Body mass is important when considering brake lathes because higher mass prevents vibrations or “chatter.” The easiest way to cheapen a lathe is to reduce mass.
Rotors “sing” or “chatter” at certain speeds and ruin surface finish. Purchase a lathe with adjustable speed to avoid this.
Drums and discs must both be serviced on brake lathes. A lathe that can switch easily between the two saves time and money.
Digital readouts are easier to understand and reduce technician errors.
Some lathes can measure rotor thickness and prevent technicians from cutting rotors too thin.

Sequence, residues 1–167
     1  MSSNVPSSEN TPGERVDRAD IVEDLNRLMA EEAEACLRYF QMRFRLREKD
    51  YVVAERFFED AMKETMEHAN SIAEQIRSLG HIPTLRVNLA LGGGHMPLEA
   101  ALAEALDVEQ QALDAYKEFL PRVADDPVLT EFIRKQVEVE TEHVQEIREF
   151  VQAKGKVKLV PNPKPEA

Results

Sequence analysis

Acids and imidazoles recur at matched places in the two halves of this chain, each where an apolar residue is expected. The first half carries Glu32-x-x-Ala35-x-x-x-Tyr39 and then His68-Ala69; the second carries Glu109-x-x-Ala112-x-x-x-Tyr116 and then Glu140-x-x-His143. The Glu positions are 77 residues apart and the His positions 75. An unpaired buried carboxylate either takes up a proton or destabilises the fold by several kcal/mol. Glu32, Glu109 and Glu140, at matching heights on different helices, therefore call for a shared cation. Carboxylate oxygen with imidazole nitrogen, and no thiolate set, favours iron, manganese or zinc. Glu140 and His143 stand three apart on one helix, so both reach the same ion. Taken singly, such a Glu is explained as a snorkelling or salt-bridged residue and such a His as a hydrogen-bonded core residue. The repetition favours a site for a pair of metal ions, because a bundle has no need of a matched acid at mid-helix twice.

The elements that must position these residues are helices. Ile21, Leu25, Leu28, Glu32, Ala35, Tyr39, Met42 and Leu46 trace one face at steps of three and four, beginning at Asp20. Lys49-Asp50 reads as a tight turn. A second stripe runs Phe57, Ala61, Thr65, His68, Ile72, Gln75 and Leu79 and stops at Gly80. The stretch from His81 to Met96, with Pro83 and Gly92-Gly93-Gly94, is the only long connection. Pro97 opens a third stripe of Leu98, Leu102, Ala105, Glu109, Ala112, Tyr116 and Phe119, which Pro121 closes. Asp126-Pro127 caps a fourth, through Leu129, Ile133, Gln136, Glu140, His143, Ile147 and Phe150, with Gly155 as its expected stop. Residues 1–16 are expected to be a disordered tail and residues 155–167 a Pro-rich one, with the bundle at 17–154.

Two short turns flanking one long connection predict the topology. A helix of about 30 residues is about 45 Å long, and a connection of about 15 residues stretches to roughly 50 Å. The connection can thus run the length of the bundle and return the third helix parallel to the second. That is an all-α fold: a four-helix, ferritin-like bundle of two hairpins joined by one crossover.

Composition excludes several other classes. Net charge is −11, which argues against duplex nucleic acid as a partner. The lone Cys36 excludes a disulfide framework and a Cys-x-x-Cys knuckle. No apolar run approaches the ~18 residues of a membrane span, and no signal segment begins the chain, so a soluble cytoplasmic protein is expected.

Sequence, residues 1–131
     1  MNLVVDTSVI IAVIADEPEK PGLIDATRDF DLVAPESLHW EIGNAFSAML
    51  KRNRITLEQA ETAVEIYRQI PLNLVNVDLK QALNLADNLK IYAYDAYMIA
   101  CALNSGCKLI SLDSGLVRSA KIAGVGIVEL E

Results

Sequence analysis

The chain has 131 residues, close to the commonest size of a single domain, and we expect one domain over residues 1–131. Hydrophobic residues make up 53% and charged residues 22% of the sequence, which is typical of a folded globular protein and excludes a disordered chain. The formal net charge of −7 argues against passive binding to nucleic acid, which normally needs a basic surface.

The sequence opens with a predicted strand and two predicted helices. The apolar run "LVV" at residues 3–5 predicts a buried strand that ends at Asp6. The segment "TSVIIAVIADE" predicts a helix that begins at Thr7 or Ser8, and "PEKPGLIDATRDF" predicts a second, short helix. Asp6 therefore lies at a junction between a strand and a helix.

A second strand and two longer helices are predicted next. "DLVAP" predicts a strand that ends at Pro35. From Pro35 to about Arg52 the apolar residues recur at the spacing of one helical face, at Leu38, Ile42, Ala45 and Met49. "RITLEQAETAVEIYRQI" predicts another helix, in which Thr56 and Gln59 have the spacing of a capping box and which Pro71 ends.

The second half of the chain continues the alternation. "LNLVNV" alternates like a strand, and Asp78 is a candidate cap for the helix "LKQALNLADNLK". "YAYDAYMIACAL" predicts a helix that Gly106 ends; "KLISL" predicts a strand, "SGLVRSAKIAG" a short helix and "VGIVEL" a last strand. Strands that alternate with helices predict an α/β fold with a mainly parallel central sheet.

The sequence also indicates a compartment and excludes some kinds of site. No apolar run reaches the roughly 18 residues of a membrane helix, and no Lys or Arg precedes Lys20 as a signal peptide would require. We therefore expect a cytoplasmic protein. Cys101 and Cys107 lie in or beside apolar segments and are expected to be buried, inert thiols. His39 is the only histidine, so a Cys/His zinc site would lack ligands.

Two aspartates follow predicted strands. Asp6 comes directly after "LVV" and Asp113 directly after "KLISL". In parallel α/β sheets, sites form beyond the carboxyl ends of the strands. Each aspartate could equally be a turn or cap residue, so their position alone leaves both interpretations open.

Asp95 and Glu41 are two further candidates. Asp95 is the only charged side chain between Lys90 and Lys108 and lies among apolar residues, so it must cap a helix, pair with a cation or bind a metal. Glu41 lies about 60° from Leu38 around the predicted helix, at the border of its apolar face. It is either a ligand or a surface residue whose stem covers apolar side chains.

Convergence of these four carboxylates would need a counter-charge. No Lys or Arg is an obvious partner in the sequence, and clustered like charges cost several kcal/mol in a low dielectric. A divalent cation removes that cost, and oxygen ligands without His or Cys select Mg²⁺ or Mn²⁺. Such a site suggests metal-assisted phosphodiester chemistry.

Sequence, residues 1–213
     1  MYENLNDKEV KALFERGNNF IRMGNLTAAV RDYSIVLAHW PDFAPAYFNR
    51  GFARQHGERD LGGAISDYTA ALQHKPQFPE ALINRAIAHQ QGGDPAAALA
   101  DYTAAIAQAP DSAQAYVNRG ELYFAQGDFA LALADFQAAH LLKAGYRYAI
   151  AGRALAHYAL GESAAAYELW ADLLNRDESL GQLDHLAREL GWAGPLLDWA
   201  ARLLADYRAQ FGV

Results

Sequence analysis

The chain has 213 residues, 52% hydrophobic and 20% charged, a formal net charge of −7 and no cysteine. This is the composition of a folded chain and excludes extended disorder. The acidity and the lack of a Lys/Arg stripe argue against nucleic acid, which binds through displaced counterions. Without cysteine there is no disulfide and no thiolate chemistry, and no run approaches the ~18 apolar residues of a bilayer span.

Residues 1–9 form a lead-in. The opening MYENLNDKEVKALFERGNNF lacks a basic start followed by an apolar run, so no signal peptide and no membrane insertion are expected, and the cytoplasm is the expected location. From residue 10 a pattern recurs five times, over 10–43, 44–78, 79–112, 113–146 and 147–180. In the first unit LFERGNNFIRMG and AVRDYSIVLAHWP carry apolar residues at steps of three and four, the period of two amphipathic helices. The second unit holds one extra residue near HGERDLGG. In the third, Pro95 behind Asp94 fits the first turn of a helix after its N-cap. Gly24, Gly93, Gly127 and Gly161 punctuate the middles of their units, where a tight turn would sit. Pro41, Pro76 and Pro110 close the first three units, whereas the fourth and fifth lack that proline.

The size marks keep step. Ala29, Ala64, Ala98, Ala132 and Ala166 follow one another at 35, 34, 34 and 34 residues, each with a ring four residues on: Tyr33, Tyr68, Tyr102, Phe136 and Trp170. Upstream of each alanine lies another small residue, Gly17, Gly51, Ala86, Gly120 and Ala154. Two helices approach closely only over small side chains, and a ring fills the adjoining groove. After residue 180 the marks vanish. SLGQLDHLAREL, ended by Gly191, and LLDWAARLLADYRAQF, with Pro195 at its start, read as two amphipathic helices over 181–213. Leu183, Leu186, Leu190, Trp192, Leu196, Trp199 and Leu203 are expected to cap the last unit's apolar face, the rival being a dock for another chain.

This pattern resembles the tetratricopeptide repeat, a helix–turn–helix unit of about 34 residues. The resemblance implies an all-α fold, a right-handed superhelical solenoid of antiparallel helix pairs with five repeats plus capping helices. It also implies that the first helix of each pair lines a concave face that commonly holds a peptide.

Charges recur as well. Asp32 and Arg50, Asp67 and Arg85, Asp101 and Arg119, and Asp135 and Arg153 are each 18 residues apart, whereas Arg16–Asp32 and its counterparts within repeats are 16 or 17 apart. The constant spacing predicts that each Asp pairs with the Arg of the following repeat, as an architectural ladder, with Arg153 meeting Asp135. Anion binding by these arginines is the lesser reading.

Different rotors call for different feed rates. Being able to adjust the feed rate independently of rotor speed makes the lathe more versatile and effective.
Vibrations are bad for surface finish when using brake lathes. Adaptors that absorb these vibrations improve results.
There are different ways to mount rotors and drums on a lathe. Choose a manufacturer that gives you options to suit your needs.
Any machine will eventually need service. Make sure the manufacturer supports their products in the field with a team of reliable service representatives.
Brake lathes should last a very long time. Choose a lathe that is built to last.
When choosing a bench brake lathe for your shop, talk to one of Hunter Engineering’s bench brake lathe experts.